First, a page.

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The Correct Way to Take a Patient's Blood Pressure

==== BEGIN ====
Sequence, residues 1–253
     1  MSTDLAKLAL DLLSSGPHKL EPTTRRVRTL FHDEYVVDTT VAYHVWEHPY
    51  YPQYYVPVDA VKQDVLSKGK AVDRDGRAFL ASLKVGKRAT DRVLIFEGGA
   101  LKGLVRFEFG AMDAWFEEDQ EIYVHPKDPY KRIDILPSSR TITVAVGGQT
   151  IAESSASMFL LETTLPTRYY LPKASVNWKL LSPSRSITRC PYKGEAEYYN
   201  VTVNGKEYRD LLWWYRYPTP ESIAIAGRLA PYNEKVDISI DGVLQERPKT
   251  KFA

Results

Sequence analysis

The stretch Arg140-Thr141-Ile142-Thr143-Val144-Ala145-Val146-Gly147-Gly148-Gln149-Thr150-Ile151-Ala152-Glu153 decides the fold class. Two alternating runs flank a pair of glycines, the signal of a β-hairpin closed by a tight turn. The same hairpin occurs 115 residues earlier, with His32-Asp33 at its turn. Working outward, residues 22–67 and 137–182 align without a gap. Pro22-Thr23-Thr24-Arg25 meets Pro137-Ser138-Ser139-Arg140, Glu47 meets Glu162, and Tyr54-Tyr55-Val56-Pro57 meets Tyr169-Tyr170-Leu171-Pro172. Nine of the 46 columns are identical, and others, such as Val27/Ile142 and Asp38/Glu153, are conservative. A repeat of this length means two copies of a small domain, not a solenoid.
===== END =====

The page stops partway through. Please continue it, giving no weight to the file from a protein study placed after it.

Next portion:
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When the blood pressure of a patient is taken, it is common practice to measure it with the patient sitting in the up-right position with the arm resting on the arm of a chair and feet flat on the floor. The reference point for the measurement of BP is the right atrium, the so-called ‘heart level’ (Guyton, 1986). Though, the guidelines of the World Health Organistation/International Society of Hypertension (WHO/ISH) recommend that the BP be measured with the patient comfortably seated with the arms supported at heart level (1993). It has been proposed that BP should be measured in the sitting, standing, and the supine position (Netea 2003). It is suggested that the BP measurement from the sitting and supine position will produce similar results if the extremity is at the level of the heart. Because the upper extremities are easily accessible by medical professionals, they are utilized more-so than the lower extremities. In order to obtain an approximant heart level in the sitting or standing position, resources suggest that we use the level of the midsternum as a point of reference when taking blood pressure measurements (Netea 2003). For the supine position, resources suggest that the heart level lies approximately half the distance between the surface in which the patient is lying on and the top of the sternum (Netea 2003). Though not common in everyday practices, the BP measurement of lower extremities sometimes may be the only alternative; such as, colonoscopies or
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